I learned photography through workshops and forums in Hanoi, Vietnam. This is where I fell in love with documentary-style photography. It had a creative freedom I couldn’t find in other forms. Feeling inspired, in the summer of 2010 I went to a documentary workshop in Siem Reap, Cambodia.
Participants had seven days to come up with a project, and five days in I was the only one who didn’t have any pictures. My idea was to do something around culture, and while researching this, I came across a website called thepinkchoice.com, a travel guide for the LGBTQ+ community listing gay-friendly hotels and cities. At the time, I didn’t know much about homosexuality, but I wanted to learn and understand more and I decided to document the people who stayed at these hotels.
When I returned to Vietnam, I learned more about the LGBTQ+ community in Hanoi, and thought about how they were portrayed in the media. Although homosexuality is legal and generally accepted in Vietnam today, there were, and still are, negative stereotypes in TV and film. Gay characters are either tragic or comic, nothing in between. In photography, it was no better. Pictures documenting LGBTQ+ stories hid faces or showed only small details of intimacy, such as holding hands. It made me feel like being gay was a taboo, and I felt these representations didn’t empower the LGBTQ+ community.
The reality was different. My gay friends lived happily and were open about their sexuality. But wider society was only open to a degree. I found that I got negative reactions to pictures I took of gay couples being intimate, which really motivated me to continue with my project. I wanted to show gay relationships in a natural and beautiful way. By capturing couples in familiar, everyday activities, I hoped to open the eyes of Vietnamese society to the intimacy and love that these couples shared.
I met Phan Thi Thuy Vy and Dang Thi Bich Bay, the couple in this picture, through some other people I had photographed for the project. They were university students, full of life and madly in love. Like a lot of the younger couples I met, they weren’t concerned with neighbourhood talk – they were just excited to have their photograph taken. I always spend time with the people I shoot to get to know them a little before taking their picture, and I met Phan and Dang two or three times for coffee before I went to their house, without my camera, to get a feel of their place and how they spent their time.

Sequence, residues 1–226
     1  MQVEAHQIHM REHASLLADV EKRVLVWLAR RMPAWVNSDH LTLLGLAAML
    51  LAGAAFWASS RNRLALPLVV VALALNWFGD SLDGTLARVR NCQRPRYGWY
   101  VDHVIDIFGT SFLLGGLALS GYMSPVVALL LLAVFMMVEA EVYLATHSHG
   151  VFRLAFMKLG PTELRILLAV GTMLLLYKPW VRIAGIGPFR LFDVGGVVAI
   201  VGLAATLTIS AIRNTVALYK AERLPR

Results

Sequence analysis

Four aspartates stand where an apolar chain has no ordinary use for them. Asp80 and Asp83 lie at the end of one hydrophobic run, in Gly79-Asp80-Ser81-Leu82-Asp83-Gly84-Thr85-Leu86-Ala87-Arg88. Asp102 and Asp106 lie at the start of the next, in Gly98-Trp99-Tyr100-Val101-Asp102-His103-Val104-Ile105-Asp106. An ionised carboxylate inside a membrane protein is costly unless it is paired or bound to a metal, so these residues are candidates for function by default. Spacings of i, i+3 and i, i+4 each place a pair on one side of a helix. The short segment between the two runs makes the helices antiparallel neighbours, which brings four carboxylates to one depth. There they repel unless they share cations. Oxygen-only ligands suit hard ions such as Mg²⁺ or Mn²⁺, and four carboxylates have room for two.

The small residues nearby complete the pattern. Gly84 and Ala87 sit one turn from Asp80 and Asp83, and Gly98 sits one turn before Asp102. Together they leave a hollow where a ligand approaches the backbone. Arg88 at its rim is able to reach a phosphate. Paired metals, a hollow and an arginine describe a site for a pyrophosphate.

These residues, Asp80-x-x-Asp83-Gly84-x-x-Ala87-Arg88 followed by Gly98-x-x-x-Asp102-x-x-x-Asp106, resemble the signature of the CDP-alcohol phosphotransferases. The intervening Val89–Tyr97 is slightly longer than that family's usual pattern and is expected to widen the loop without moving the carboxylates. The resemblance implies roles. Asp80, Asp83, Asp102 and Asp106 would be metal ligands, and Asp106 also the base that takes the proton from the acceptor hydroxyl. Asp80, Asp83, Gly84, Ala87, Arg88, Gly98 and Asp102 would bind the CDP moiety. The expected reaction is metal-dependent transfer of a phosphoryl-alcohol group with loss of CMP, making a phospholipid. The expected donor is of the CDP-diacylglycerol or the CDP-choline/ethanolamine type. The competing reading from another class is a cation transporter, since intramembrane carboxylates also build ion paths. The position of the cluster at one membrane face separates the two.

You have two times when you can naturally capture people: the beginning of the day when they don’t care yet, and the end of the day when they’re most tired. On the day of the shoot, I only had the afternoon, as the two were busy with university much of the time and worked weekend mornings in a coffee shop. The girls were play-acting as soon as I got there – cooking, showering and talking with friends on the phone. I knew the frame I wanted, so I had to be patient. I sat behind the TV, somewhat hidden but able to capture them from different angles. Then, as the sunset lit the room, Dang lay down eating lychees, and Phan came and sat with her. Their tiredness had caught up with them, and as they gently comforted each other, my presence was barely felt: I knew I had the shot.
This was the last picture I took that day, and the final of the whole series. I find the charismatic simplicity of their home powerful, and their young love and carefree nature, not knowing what the future holds, extremely comforting.
Working on the Pink Choice changed me. The couples I photographed gave me strength to not care what other people think. My photos don’t provide all the answers, but I hope that they ignite a curiosity, a feeling that inspires me whenever I start a project – a curiosity to question and learn.
Maika Elan’s CV
Born: Hanoi, Vietnam, 1986
Studied: ‘I learned through workshops and forums – luckily I had some very good mentors, including Phạm Đức Long’
Influences: ‘My father is my biggest inspiration.’
High point: ‘Being able to take pictures of my dad for my series Like My Father.’
Low point: ‘Covid and the lockdowns.’
Top tip: ‘Be curious with the world.’